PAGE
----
Arie van Geest
Getting acquainted with Comte de Lautréamont’s Les chants de Maldoror and Lewis Carroll’s Alice in Wonderland proved to be determinant for the character of the paintings that I have been making since 1968. Four periods can be distinguished, periods in which several series appear on the stage of the imagination at regular intervals. Following a long stay in New York in the previous summer, I create Wah-Wah in 1971, a series of eleven drawings in which a masked baboon crawls through the mirror and eventually meets his better half after many rambles.
In the early eighties I say goodbye to Alice. The paintings are becoming more and more expressionist and complex in character. They are the windows looking out on a hermetic universe of stratifications in which – in addition to literature – history of art proves to be a major source of inspiration. In the autumn of 1984 Tableau Mourant arises, a series of 98 water-colours induced by Het einde van de dag, a painting that Vincent van Gogh made in 1889 after a painting by Jean Franœois Millais. The series was exhibited in the Gemeentemuseum of The Hague in 1986. A year later it was shown in the Rijksmuseum Vincent van Gogh in Amsterdam and purchased by this museum in 1987.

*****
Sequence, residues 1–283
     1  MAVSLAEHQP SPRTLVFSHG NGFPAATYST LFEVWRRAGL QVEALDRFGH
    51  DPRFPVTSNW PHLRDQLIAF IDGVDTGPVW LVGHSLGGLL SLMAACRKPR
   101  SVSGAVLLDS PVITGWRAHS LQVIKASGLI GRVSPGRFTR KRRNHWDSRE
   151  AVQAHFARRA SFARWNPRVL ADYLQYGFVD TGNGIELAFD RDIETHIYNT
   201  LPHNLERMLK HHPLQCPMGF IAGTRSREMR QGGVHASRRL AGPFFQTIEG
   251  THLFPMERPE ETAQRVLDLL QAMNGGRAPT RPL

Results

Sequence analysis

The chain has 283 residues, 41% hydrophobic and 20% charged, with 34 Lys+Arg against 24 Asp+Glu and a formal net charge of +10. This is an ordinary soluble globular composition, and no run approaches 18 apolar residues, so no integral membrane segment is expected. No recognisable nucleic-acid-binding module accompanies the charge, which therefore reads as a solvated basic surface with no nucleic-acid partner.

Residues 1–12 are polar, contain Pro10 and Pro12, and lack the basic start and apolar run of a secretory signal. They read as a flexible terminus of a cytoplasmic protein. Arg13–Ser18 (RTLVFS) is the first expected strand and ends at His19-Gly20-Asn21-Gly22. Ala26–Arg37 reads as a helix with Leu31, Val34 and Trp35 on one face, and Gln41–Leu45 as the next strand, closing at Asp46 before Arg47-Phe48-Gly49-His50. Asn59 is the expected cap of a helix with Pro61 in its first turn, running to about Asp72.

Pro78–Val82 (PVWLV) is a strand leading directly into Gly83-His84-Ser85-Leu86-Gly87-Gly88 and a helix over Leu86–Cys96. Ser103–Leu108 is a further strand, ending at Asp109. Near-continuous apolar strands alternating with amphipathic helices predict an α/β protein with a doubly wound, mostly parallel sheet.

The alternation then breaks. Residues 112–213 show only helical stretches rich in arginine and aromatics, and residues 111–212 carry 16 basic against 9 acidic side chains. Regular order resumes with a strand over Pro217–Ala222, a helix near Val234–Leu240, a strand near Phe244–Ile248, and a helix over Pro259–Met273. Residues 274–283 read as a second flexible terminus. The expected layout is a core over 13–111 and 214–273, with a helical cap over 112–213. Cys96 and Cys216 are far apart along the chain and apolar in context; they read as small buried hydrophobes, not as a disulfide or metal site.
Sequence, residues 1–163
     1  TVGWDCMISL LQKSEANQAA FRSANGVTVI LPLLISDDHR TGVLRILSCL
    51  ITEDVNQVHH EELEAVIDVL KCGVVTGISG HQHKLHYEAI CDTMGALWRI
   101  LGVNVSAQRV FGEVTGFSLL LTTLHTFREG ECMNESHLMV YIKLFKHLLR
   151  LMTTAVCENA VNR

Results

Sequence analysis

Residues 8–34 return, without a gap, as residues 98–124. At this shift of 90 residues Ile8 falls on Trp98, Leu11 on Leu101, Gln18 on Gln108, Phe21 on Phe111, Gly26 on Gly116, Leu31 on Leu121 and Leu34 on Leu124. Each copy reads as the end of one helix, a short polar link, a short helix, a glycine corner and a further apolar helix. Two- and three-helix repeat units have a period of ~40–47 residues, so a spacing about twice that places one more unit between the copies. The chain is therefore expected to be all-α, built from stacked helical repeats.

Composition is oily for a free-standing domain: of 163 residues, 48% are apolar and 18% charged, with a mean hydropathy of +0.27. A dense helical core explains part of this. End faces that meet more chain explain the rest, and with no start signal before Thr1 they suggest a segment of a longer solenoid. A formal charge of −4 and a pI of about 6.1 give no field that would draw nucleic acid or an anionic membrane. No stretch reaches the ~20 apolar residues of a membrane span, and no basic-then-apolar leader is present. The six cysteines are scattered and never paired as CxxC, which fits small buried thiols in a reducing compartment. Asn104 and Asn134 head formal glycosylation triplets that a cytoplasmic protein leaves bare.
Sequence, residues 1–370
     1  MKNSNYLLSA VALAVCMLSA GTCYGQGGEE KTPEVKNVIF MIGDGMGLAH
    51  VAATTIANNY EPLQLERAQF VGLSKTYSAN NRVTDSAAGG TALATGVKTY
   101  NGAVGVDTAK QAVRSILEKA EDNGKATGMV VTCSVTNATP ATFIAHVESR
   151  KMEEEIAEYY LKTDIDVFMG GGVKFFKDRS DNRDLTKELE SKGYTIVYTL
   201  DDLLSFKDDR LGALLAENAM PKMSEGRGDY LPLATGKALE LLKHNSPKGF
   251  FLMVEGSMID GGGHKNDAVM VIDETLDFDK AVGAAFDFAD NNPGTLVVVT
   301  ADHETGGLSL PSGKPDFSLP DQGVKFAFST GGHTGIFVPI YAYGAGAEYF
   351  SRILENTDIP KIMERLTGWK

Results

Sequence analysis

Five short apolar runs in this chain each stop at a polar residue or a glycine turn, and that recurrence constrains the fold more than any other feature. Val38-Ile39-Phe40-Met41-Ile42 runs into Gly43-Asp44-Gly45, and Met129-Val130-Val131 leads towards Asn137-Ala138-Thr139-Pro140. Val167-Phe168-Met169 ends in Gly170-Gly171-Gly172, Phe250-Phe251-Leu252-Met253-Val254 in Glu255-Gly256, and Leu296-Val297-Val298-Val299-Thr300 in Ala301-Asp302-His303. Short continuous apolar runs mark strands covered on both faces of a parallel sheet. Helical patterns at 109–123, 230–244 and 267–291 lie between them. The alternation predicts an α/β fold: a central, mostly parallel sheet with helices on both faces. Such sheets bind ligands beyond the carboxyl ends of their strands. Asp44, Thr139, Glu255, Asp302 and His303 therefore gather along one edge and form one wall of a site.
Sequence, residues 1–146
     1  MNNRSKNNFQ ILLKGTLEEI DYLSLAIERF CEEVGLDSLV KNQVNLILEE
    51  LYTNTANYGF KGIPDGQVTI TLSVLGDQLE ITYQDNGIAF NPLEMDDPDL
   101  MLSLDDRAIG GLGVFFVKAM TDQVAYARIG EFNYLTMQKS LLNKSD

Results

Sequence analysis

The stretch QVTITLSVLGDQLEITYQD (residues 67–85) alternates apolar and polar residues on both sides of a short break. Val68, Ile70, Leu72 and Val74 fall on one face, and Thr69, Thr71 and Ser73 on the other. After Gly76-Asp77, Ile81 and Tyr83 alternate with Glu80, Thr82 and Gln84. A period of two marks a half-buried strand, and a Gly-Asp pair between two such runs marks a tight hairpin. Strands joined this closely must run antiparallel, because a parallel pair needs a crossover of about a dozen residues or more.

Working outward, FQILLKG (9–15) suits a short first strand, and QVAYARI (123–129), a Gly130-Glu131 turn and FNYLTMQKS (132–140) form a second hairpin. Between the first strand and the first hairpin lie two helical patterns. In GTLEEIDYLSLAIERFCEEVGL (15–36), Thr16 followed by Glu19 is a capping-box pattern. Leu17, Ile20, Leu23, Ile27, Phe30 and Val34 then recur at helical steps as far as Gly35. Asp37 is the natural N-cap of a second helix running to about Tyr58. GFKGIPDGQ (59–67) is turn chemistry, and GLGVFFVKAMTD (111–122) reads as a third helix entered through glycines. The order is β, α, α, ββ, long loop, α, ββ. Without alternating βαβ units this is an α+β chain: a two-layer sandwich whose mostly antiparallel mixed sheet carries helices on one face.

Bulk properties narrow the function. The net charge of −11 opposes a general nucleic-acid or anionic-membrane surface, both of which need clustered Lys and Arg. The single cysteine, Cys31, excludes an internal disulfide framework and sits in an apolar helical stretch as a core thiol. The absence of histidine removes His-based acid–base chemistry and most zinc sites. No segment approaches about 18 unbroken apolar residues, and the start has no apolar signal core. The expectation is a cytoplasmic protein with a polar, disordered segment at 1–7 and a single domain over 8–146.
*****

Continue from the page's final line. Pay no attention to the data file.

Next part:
In the mid-nineties Alice returns in the paintings. She is now accompanied by Pinocchio, the representative of the lie, and in the Neverland of painting she meets Peter Pan, the perpetual shadowless youth. Between 2009 and 2011 I work on the series of 12 paintings Alice (high, low and in between), a search through the history of art interwoven with illustrations by John Tenniel, the first illustrator of Alice in Wonderland.
In the summer of 2011 I embark on a new period and make an initial reconnaissance for the new series The broken promised land, a series in which at present some thirty paintings have been completed. The garden that joins my French summer-residence and the river Vienne is my preferred point of departure to accommodate my heroes and demons justifiably. Surrounded by the brilliant sunlight and free nature’s botanic rampancy they play their roles in the imaginary circus of the mind.
Arie van Geest (1948)